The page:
Calf Manna: Calf manna is highly palatable, highly digestible, and an outstanding protein and energy supplement. It provides an array of amino acids from multiple protein sources, which are essential for growth, reproduction, and milk production. Yeast is included to aid in the healthy function of the digestive system and to encourage intake. Calf manna also provides highly digestible carbohydrates from multiple sources, providing an excellent source of energy. Linseed, long used for skin and coat conditioning, offers protein and oil to diversify the amino acid and fatty acid composition. It can make a big difference in overall performance. Manufacturer recommends feeding 1/4 - 1/2 lb per goat per day.


Generator Elite DFM: Generator Elite is a direct fed microbial that contains multiple strains of beneficial microbials, including Propionibacteria (P5, P63), lactic acid bacteria and yeast which produce enzymes and B-vitamins to help support feed intake, as well as digestive enzymes. It helps support digestive health during high milk production, hot weather, ration changes, pre- and post-partum periods, etc by replenishing beneficial digestive organisms, supporting appetite, maintaining healthy rumen pH, and aiding dry matter intake.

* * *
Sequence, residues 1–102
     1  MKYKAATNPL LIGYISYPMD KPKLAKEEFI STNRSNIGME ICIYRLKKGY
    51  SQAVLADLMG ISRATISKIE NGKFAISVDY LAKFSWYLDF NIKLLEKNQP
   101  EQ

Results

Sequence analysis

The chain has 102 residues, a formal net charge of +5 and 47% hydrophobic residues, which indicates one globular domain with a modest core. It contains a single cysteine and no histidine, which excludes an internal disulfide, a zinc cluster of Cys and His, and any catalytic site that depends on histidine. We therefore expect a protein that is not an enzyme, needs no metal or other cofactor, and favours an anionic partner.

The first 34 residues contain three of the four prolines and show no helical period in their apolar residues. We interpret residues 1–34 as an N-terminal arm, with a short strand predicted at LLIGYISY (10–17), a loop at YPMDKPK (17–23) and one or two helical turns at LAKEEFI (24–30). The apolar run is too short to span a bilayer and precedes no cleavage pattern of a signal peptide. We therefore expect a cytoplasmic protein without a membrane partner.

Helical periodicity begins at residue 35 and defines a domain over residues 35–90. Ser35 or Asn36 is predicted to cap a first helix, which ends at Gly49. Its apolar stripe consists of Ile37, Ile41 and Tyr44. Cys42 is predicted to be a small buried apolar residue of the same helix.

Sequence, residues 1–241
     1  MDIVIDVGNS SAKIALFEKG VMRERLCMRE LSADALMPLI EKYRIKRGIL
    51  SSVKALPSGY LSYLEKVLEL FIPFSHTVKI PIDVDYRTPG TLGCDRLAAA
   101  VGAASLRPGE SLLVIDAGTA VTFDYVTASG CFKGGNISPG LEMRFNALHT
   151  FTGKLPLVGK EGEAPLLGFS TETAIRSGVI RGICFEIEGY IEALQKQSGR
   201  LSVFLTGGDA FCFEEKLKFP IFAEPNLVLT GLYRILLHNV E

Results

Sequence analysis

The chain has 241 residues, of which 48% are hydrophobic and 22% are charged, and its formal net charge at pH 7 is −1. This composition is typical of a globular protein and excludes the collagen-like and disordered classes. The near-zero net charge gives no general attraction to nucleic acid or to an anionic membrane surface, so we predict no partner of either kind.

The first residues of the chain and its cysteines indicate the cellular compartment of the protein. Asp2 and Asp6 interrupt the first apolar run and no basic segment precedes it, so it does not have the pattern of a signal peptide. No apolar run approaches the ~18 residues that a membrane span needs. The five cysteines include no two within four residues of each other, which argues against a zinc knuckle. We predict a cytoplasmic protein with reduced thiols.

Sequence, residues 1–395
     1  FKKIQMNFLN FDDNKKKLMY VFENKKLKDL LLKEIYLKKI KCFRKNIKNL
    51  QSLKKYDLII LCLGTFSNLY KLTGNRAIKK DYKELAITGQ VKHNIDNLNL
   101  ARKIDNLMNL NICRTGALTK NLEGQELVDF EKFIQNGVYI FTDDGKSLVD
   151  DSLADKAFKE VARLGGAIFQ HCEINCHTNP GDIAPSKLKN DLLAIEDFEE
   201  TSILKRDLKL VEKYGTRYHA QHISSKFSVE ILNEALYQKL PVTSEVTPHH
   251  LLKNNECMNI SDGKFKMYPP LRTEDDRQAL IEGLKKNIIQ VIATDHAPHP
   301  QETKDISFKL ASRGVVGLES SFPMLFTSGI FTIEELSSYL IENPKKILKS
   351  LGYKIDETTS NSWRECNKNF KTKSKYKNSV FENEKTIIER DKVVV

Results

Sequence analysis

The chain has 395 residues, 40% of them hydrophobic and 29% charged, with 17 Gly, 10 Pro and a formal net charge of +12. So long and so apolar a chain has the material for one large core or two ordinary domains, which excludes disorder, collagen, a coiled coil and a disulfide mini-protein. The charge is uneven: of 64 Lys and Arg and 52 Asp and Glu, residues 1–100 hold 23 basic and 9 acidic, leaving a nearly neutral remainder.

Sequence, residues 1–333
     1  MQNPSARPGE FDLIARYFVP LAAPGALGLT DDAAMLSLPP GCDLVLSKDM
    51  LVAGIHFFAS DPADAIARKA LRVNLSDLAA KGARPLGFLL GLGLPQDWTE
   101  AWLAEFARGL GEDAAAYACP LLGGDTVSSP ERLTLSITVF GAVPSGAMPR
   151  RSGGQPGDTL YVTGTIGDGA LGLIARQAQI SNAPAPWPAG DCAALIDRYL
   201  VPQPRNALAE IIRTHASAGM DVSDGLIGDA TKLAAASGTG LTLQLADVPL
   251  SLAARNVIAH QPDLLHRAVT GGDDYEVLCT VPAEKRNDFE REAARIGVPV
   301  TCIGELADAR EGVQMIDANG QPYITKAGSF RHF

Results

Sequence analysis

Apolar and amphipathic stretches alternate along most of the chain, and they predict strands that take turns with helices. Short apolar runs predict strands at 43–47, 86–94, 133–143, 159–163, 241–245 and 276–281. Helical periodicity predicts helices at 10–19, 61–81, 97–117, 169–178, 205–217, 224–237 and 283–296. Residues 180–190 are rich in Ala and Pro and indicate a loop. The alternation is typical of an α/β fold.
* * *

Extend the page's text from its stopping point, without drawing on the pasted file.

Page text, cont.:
16% Custom Feed Mix: We have a custom feed mixed for our girls that is balanced specifically for lactating animals. This provides a nice base to supplement with cottonseeds, calf manna, DFM, etc. 


Pro Bac C: Our kids are all bottle raised and Pro Bac C is given daily in their bottles until they are weaned. Not only does this help control coccidiosis but it also contains highly concentrated probiotics, live naturally occurring microorganisms, and yeast culture to enhance intestinal integrity, plus high levels of vitamins, such as A, D3, E and B12, to provide nutritional support in the presence of coccidiosis, E. coli, Salmonella and Cryptosporidia.

Enhancing the integrity of the small intestine, as soon as possible after birth, creates an environment that is unfavorable for pathogens to reproduce. Over 90% of nutrient absorption occurs within the small intestine, which is why it is extremely beneficial to maintain a healthy environment to allow nutrient absorption to occur. 

Pro Bac C is water soluble so it dissolves in milk easily and the kids don't even notice that it is there.